In high school, he participated in youth conferences across the country, his travel and expenses supported by his “village.”
So, it was no accident that his next step was to form a support network of his own to help young men and women prepare for, and profit from, the college experience.
Preparing young scholars to succeed
One of Heyward’s greatest mentors at Yale was Nadia Ward, Professor of Psychology and Psychiatry in the School of Medicine. He began working with Ward after receiving a President’s Public Service Fellowship following his first year at YDS. Together with Ward, he developed and implemented a curriculum for middle school students. It was here that he developed a profound sense of education as “the great equalizer.”
But finding the vision for how to best use the funding he’d received from his fellowship was a challenging project that required much prayerful consideration, Heyward says.
The “aha!” moment came when Heyward realized that, as a participant in the Institute for Responsible Citizenship in Washington, D.C., he had the perfect mentors for the middle school young men he served.
The Institute, founded by Dr. William A. Keyes IV, is dedicated to inspiring high-achieving African American young men to pursue the highest levels of achievement, not only academically but in making a difference in the lives of others. Heyward was a member of the Institute’s first graduating class.
He crafted a program of gender-specific activities for those middle school students, who traveled to Georgetown University for an extended weekend, staying in university dormitories and attending classes. Through this experience, through the mentorship of Institute participants, and within the framework of a community, these young men experienced the coming-to-life of all the lessons they’d been learning back in Connecticut.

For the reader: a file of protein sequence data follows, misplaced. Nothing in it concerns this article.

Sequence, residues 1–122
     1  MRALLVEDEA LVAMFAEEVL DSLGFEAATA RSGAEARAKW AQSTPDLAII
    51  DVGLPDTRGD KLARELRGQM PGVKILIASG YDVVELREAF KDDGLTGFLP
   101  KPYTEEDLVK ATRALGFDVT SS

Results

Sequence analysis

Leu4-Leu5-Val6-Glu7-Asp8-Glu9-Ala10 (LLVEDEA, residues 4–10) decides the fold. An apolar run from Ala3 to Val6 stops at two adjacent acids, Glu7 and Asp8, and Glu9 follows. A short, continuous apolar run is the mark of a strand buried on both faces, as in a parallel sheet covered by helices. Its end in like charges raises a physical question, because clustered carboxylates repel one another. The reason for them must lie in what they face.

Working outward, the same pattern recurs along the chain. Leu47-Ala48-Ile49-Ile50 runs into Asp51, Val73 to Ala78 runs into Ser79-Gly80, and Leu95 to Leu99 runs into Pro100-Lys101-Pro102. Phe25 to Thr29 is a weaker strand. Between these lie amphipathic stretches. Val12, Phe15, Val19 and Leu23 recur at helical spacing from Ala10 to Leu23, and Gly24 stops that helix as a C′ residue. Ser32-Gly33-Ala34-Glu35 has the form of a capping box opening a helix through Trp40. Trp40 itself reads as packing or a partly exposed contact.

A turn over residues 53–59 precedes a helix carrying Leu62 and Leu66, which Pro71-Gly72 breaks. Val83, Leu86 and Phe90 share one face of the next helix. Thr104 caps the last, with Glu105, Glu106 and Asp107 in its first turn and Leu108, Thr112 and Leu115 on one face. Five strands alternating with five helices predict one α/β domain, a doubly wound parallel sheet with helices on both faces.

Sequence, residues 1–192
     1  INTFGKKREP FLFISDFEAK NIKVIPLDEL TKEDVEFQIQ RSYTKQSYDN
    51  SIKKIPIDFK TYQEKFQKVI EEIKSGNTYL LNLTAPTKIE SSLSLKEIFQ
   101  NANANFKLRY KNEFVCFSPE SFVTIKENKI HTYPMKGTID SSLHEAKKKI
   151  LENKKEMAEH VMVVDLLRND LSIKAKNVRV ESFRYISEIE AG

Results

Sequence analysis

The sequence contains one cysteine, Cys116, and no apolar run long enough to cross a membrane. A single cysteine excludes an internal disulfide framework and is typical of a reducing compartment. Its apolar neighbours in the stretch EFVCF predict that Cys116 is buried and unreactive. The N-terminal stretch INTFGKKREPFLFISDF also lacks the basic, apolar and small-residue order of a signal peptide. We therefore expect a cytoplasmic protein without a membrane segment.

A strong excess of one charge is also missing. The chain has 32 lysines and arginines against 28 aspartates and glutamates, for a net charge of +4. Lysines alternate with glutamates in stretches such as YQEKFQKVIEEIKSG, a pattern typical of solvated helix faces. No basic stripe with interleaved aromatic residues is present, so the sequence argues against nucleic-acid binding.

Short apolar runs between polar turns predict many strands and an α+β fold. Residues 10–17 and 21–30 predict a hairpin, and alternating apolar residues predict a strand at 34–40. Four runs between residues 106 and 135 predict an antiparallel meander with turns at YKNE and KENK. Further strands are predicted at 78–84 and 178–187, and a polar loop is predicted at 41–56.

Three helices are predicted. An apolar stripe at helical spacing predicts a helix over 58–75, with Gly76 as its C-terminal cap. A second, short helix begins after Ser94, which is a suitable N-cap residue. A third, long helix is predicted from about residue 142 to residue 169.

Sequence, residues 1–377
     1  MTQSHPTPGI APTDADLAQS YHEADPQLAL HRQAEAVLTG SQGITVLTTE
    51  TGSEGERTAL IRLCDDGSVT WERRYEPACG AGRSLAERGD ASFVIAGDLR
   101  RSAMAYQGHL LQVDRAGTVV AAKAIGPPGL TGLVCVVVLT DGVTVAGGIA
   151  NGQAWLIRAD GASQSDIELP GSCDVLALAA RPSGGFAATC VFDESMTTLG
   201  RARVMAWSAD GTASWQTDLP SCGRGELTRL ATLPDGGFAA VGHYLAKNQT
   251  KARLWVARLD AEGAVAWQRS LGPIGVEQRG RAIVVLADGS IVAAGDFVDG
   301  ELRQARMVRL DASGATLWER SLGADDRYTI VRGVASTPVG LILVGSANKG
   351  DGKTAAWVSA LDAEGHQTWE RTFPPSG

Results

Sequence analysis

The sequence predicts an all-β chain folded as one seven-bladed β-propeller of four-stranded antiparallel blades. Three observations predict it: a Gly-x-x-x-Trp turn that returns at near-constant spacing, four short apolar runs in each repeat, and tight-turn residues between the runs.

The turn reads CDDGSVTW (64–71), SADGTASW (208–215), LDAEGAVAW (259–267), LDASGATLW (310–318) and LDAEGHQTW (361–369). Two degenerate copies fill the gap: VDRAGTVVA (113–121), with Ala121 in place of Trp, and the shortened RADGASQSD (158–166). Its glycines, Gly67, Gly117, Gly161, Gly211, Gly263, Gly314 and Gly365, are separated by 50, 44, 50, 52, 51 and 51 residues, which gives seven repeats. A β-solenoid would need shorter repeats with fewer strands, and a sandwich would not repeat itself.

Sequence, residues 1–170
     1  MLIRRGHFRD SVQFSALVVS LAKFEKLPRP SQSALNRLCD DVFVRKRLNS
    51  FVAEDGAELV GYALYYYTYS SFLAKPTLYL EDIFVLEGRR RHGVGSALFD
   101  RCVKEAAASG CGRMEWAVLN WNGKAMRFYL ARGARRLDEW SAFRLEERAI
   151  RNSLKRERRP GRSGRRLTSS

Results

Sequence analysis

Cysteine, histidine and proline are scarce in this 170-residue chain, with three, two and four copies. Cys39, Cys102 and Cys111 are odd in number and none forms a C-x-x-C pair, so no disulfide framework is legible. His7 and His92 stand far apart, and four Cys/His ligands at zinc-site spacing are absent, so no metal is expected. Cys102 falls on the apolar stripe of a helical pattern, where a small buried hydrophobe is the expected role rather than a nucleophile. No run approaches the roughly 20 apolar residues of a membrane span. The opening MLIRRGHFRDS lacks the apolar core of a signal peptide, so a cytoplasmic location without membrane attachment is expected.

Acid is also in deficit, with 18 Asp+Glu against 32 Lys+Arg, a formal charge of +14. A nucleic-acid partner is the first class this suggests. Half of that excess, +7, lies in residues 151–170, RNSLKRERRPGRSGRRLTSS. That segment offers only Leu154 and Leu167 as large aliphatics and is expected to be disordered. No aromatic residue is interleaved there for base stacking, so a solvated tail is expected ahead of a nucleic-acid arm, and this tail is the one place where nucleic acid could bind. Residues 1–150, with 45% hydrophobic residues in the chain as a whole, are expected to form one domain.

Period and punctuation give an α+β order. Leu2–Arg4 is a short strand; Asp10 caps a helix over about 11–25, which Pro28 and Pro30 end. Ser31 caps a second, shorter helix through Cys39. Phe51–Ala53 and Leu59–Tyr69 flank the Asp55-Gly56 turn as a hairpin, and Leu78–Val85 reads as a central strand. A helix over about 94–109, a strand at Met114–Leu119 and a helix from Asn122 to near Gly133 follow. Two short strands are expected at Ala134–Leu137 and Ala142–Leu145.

Under Heyward’s leadership, what started as a youth scholars’ weekend grew into the Youth Scholar Academy, dedicated to preparing high school males from disadvantaged backgrounds to thrive in high school, college, and beyond.
Art as a vehicle for service
This passionate champion of education realized it was time for him to take the next step in his own education. He entered a Ph.D. program in American Studies at the University of North Carolina and immersed himself in the world of art.
While working on his doctorate, Heyward held a yearlong fellowship at the Ackland Museum of Art, where he worked as a curator and museum educator. Using the museum’s collection of painting and sculpture, he taught UNC students, including medical students, to appreciate and use art within their chosen fields.
And in 2018, Heyward lent his growing arts expertise to an important project at his divinity alma mater. He helped lead a YDS task force that commissioned an oil portrait of James Pennington, who was the first black student to attend classes at Yale and went on to become a leading minister and abolitionist. The painting by Brooklyn artist Jas Knight was unveiled last fall to great enthusiasm and glowing reviews.
“For me, the portrait communicates to all students, particularly students of color, a confidence in knowing that James Pennington went on to do so many amazing things in the world, and that they can do the same thing,” Heyward says. “It is important to me that the diversity that makes YDS such a special place is reflected in every aspect of our institution. Having a portrait honoring that is really special.”
The present: tying it all together
When Heyward was offered the job of COO at the International African American Museum, he jumped at the chance.
His goal is to collaboratively create an institution that, first and foremost, will educate, serving as a “museum without walls” that can connect with classrooms and youth throughout the country and even the world.
Art, scholarship, and community will come together, continuing the narrative of faith that is the story of Heyward’s ancestors. The museum will connect education, art, and scholarship to empower future generations of young people by connecting with their history.
“I have committed my life to projects that are significant and important to me,” Heyward reflects, “with God and faith as my framework. I have grace to credit for such an amazing opportunity. It’s hard to imagine a better role for me, personally or professionally, than helping to open and run this institution, which is going to mean so much to my community and country.”